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Is Sickle Cell Trait Associated With Cognitive Impairment in African Americans?
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Is Sickle Cell Trait Associated With Cognitive Impairment in African Americans?

Wallace Stephens
Analysis of findings from the Reasons for Geographic and Racial Differences in Stroke (REGARDS) study found no association between sickle cell trait and cognitive impairment. 
An analysis of results from the Reasons for Geographic and Racial Differences in Stroke (REGARDS) study shows that sickle cell trait (SCT) is not associated with cognitive impairment in a cohort of African Americans, according to findings reported in EClinicalMedicine.

Researchers hypothesized that adults at least 45 years old who carry SCT and have normal cognitive function would be more likely than SCT-free individuals to develop cognitive impairment over several years of follow-up, because there is a link between cognitive decline and those who have developed sickle cell anemia. “Sickle cell anemia may be associated with cognitive dysfunction, and some complications of sickle cell anemia might affect those with sickle cell trait,” researchers said in the abstract.

REGARDS was a longitudinal observational study that investigated racial and geographical variation in acquired cognitive impairment and incidence of stroke in the contiguous United States. Participants were randomly selected by mail, enrolled by telephone, and were visited in their homes between 2003 and 2007. REGARDS enrolled a total of 30,239 black and white Americans who were followed every 6 months.

REGARDS conducted global cognitive function testing using the Six-item Screener (SIS), a validated telephone-administered instrument for global cognitive function that assessed 3-item recall and orientation to year, month, and day of the week, which resulted in scores from 0 to 6 depending on correctly answered questions. A score that was less than or equal to 4 was considered positive for cognitive impairment. The SIS was first administered at baseline and then annually to all participants. The outcome of incident cognitive impairment was defined at the most recent assessment as of April 1, 2015, when the analysis data set was closed.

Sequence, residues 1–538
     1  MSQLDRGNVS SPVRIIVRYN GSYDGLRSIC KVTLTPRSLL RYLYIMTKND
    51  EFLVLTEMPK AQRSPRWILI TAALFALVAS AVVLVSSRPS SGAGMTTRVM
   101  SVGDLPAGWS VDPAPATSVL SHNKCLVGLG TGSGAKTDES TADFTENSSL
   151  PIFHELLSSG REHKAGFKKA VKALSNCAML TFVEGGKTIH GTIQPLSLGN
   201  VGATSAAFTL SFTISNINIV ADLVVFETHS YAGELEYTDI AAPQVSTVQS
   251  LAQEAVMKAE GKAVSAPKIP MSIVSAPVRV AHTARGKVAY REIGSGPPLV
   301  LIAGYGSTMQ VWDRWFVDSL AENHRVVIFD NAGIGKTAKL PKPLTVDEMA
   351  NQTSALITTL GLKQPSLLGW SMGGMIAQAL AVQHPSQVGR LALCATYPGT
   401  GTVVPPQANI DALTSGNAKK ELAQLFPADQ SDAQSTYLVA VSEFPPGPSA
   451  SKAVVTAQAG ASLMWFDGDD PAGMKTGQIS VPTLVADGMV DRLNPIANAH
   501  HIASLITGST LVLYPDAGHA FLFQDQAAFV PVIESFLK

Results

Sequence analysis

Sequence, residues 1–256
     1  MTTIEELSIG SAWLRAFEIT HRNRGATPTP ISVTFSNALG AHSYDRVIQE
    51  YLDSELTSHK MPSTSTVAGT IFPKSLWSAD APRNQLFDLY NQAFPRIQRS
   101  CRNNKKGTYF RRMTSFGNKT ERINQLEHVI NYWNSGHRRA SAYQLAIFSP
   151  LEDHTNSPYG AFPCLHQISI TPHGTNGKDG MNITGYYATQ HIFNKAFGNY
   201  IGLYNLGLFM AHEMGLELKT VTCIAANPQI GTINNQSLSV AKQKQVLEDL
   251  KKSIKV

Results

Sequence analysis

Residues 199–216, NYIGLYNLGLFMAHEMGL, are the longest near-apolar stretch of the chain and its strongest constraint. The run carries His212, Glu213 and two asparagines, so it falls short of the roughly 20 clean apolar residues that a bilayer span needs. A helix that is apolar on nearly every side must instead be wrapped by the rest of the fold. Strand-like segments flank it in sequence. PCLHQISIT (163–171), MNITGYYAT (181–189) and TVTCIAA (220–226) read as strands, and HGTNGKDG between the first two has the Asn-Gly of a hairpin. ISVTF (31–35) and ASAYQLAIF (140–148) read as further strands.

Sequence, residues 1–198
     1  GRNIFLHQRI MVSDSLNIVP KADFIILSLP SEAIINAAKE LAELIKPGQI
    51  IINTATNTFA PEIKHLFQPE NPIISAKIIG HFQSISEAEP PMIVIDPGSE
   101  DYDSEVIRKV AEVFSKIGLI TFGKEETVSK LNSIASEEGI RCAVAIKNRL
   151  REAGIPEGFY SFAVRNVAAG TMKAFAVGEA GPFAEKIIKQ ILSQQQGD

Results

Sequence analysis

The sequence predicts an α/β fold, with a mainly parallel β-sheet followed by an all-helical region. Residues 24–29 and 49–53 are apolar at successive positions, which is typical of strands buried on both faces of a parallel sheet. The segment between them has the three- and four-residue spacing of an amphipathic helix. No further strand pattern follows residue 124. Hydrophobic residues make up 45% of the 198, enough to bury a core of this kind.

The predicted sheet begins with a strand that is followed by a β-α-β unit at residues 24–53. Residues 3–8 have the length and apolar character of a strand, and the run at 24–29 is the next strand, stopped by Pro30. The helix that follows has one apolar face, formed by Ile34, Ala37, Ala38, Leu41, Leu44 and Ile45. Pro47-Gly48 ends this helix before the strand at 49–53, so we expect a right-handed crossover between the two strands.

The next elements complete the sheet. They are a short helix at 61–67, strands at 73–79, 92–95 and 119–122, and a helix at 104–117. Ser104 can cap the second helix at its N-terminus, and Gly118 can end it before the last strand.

Participants completed a 3-test battery every 2 years that evaluated measures of learning, memory, and executive function. Validated tests assessed word list learning, delayed recall, semantic fluency, and phonemic fluency.

Black participants with the STC genotype who had available data at baseline and at least 1 follow-up SIS were included in the analysis. Participants who were white, had hemoglobin SS or SC genotype, developed incident stroke, or had baseline cognitive impairment were excluded.

Of the 7743 participants that were followed for a median period of 7.1 years, 85 of 583, or 14.6%, with SCT developed incident cognitive impairment, compared to 902 of 7160, or 12.6%, without SCT. When univariate analysis was conducted, the odds ratio of incident cognitive impairment was found to be 1.18 for those with SCT compared to those without it. The odds ratio was not impacted by adjustment.

Researchers determined that SCT was not associated with incidence of cognitive impairment or with changes over time in test scores included in the 3-test battery.

“In this large contemporary cohort of black Americans, there were no associations of SCT with incidence of cognitive impairment or with changes over time in test scores included in a 3-test battery assessing learning, memory, and semantic and phonemic fluency. These findings suggest that, unlike findings to date in SCA, biological consequences of SCT do not appear to cause cognitive dysfunction,” researchers concluded.

Researchers suggested a detailed study that examines cognitive impairment in a younger cohort of adults or in children should be conducted to confirm their findings.


Cahill CR, Leach, JM, McClure LA, et al. Sickle cell trait and risk of cognitive impairment in African-Americans: the REGARDS cohort [published online May 23, 2019]. EClinicalMedicine. 2019. doi:

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